“Birdman” soars into the Oscars
By Riley Coven
I think people use terms like “amazing” and “incredible” too often. I’ve heard things described with these words before that definitely didn’t deserve it. I’ve caught myself calling a doughnut amazing. And yeah, it was pretty good, but it wasn’t awe-inspiring or world changing or anything. I enjoyed it but it didn’t really affect me in any profound way. But with all that being said, Alejandro Iñárritu’s “Birdman”, was absolutely amazing. It was incredible. I have not been blown away by a movie like this in a long time, if ever. And maybe this is just my knee-jerk reaction to the film but I think this is a review I’ll stand by for years to come.
Going into the film I wasn’t really sure what to expect. The trailers made it look entirely different than what the final product ended up being, and while it was still a fully fleshed out and entertaining film, the styles and challenges to the form were astonishing throughout. For instance, the entire film is shot as one long take. As in they don’t cut. Ever. A film that I thought used a similar style very effectively was “Gravity’ but even they cut their shots every once in a while.
I kept wondering how it would be possible to change locations using this style, but Iñárritu made it work. Characters were able to maintain their personal spaces better, the reveals throughout the film were so much more powerful, and the cinematography didn’t lose any of the weight it carried. I was absolutely amazed. Last year Alfonso Cuarón was awarded the Academy Award for Best Director for his revolutionary visual technique in Gravity. I think this year’s award should be gift wrapped with a bow for Iñárritu. Challenges to style aren’t easy, let alone finding the ones that can still maintain an effective film. Iñárritu not only was able to do both, but he set the standard for them.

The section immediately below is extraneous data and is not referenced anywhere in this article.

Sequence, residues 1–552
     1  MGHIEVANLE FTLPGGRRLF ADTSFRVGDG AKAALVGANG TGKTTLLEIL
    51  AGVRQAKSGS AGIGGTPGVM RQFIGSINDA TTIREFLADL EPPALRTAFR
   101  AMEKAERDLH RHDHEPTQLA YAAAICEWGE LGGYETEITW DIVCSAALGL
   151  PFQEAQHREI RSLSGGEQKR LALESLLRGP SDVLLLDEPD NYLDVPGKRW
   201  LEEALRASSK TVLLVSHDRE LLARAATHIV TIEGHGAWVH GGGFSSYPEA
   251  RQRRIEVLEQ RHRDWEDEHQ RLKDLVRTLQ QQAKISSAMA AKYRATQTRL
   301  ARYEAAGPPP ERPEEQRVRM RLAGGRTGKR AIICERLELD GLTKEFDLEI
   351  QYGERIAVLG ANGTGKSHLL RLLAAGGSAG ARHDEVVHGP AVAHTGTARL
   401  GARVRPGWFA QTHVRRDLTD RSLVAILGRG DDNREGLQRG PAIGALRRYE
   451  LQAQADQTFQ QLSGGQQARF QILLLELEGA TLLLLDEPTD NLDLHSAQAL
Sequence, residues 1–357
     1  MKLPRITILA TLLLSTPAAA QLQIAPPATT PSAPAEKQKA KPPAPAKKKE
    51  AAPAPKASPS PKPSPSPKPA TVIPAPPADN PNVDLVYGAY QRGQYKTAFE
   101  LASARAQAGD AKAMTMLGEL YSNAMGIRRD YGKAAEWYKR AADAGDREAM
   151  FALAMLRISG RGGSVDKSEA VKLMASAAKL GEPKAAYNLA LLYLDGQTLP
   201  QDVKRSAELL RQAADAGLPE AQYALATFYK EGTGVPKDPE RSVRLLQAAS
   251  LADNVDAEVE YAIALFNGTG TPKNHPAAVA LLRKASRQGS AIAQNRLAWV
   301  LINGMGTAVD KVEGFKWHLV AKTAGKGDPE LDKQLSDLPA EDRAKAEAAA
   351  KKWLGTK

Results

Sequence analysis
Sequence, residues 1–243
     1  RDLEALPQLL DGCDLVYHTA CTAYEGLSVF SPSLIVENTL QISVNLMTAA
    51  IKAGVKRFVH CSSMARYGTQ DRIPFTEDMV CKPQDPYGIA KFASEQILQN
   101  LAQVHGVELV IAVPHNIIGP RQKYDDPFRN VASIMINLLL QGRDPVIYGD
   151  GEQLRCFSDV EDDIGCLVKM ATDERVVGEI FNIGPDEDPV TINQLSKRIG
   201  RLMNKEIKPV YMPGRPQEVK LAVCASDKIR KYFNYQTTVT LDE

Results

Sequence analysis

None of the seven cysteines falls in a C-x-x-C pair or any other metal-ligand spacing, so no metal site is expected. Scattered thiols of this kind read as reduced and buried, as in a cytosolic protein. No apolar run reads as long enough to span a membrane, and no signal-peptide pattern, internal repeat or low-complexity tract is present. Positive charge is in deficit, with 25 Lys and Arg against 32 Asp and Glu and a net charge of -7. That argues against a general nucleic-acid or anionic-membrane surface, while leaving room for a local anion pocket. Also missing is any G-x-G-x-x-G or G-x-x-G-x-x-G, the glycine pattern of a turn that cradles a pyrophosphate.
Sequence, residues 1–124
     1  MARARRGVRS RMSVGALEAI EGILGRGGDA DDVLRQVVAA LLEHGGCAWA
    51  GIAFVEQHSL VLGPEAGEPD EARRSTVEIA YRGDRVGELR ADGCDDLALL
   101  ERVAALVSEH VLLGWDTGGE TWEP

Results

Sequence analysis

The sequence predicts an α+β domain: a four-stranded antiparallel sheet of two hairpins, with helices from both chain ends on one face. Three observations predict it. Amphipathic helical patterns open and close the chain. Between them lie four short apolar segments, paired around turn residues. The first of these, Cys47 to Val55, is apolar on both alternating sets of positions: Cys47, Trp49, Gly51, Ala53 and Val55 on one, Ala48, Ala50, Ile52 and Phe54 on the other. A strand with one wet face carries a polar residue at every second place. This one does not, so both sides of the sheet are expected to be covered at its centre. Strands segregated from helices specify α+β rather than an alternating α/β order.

Another aspect of the film that really stood out to me was the acting. Michael Keaton gave an especially incredible performance. His character, Riggan Thomson, is an eerie parallel to Keaton himself.
Both once famed actors known for their role as an iconic winged superhero, they are now in the limelight of their careers. While I am oddly not close enough personal friends with Keaton to be able to relay if his private life is similar to Thompson’s, I hope it isn’t. Keaton’s portrayal of this demented, depressed and possibly insane man is one that is bittersweet. It’s such an amazing performance, but it’s still one that can make your heart heavy and bring a tear to your eye.
It’s impossible not to empathize with Riggan as he tries, with everything he has, to succeed in a world that has forgotten him. Hopefully Keaton knows that he is still just as beloved, at least by me.
“Birdman” or (“The Unexpected Virtue of Ignorance”) is a film that comes around once in a very long time. Not often do directors have the guts to do what Iñárritu has done, but even more rarely do they pull it off.